I ran across this at the library a couple of weeks ago, and snatched it up. I had read brief interviews with Dr. Francis S. Collins, leader of the Human Genome Project, and I had seen snippets from essays he’d written. He’s a world-renowned scientist who is unabashedly Christian, so I figured he would have an interesting perspective.
I was right. “The Language of God” is a very engaging book, well written and thoughtful.
The subtitle on the hard-cover copy I picked up, “A Scientist Presents Evidence for Belief” is just a tad misleading. Collins does indeed present evidence for belief, just not scientifically-tested evidence — and I think he’d be among the first to acknowledge that. So if you’re picking up the book hoping to see that a precise measurement of the speed of an electron proves hands-down that God exists, you won’t find it in this book.
What you will find, however, is a very intelligent guy making an intelligent case for religious belief alongside a passionate defense of doing science the right way — observation, hypothesis, test and repeat, show your work, answer the questions, test and repeat, more observation, test and repeat, experiment, test test test test and so on. Collins’ Christianity is very important to him, and so is the scientific method. Nothing he’s learned in science has given Collins any reason to doubt his faith, and he does his science in such a way as to keep his faith from leading him around by the nose.
All in all, after reading this book I get the feeling Collins would be a fascinating person to sit down and drink a beer with. He apparently plays a pretty mean guitar, too.
Collins’ evidence for belief amounts to philosophical arguments based on the existence of basic bottom-line morality and on the pretty much universal desire among humankind to relate to something more, something spiritual, something beyond. Neither is a particularly new argument, but neither is a particularly bad argument. It’s far from a slam-dunk, but Collins’ treatment of both arguments is even-handed and not preachy. He tells you how he came to believe, rather than tell you why you’re a moron if you don’t believe. Indeed, to me it seems Collins’ primary goal in this book is not to convince readers to join him in faith, but to demonstrate that science need not be seen as an enemy to faith.
I think Collins succeeds, but my perspective is that of a scientifically-minded, tries-to-be-spiritually-open-minded reader. A reader coming from a faith tradition that includes belief in a literal holy book might not find Collins convincing.
Along the way, Collins discusses his team’s work on the Human Genome Project and how it relates to both evolution theory and to his sense of wonder and faith. He also discusses Darwin, Galileo, Intelligent Design, Creationism, theistic evolution and more. If you’re wondering, he finds the evidence for evolution to be compelling, the evidence for Young Earth Creationism to be completely made up and the scientific case for Intelligent Design to be lacking to date.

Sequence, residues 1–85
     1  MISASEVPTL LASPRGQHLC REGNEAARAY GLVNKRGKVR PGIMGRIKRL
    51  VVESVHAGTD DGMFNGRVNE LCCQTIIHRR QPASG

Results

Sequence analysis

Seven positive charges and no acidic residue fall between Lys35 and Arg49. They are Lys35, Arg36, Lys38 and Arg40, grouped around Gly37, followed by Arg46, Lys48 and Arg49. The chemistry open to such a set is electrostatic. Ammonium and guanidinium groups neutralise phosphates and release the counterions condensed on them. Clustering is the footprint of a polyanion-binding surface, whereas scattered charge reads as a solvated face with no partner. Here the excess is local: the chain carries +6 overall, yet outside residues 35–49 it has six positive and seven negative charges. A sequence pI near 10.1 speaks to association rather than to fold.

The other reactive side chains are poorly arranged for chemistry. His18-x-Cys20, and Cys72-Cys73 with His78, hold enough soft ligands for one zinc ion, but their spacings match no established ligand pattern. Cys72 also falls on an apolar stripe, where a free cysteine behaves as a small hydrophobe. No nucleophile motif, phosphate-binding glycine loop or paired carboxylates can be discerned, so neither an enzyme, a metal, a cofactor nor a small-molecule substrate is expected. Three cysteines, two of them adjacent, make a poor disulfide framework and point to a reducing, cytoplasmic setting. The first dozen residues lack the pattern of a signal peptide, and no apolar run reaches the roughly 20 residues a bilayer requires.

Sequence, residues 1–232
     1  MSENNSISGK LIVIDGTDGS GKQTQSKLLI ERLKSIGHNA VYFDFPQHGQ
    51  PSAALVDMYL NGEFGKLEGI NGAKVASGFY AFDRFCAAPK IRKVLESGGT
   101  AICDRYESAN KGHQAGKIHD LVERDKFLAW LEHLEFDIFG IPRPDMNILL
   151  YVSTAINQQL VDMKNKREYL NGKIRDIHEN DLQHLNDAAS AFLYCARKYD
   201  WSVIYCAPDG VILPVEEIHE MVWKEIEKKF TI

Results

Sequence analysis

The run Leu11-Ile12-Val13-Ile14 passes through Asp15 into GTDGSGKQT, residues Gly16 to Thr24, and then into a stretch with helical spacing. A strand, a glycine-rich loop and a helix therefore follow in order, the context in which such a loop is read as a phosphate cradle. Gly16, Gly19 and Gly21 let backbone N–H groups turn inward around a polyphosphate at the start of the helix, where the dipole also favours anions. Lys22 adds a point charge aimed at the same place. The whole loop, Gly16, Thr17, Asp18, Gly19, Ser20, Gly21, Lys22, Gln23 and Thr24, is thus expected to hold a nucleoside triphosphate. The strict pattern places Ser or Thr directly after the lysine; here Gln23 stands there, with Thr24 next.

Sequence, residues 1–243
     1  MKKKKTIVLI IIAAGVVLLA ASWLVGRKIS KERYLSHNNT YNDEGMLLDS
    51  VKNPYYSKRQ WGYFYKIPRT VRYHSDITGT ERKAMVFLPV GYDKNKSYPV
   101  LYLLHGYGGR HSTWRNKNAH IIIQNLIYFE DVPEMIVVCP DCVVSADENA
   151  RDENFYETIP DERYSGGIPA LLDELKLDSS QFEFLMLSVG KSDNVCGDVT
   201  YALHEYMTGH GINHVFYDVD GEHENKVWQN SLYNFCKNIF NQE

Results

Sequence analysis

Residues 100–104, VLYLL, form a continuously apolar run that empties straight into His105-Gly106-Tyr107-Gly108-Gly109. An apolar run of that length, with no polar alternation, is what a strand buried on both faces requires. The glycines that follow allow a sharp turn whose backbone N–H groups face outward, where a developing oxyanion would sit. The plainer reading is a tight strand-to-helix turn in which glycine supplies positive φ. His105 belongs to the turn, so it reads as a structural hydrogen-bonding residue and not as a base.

Collins also includes chapters on bioethics matters such as abortion, cloning, in vitro fertilization and stem-cell research. In some cases, he raises more questions than he answers — which is understandable since much of this stuff is still on the frontiers of ethics and medical knowledge. I think Collins makes a great case for both science and faith to play co-equal roles in figuring all this stuff out and settling on intelligent policy.
Despite the weighty topics, Collin’s book is a fairly breezy read — far less pedantic and far more accessible, in my opinion, than “God’s Universe” by Owen Gingerich. Gingerich, a Harvard astronomer who also isn’t shy about his belief in God, isn’t quite the writer Collins proves to be. Collins makes his science easier for a layman to grasp.
I doubt Collins will win converts to Christianity with this book, but I don’t think such is his goal. I’m not sure he’ll change the minds of people who think much of modern science is atheistic bunk, either. He does make a convincing case that one does not have to surrender rationality to believe in God, and I think his book is well worth a read. I think it would be particularly valuable to people who have sat on the sidelines of the whole science vs. religion fracas, especially if the sometimes shrill voices from both sides have been a big turn-off. Collins provides a rare and important voice in these discussions — a bona fide scientist with a bona fide Christian faith.
P.S. I hope your Christmas was fabulous. Once New Year’s Day arrives, I’ll try to be more diligent about posting here. I have a cool new vampire book to tell you about, some great beers I’ve uncorked recently, another poetry sale to brag about and some other stuff going on — so stay tuned.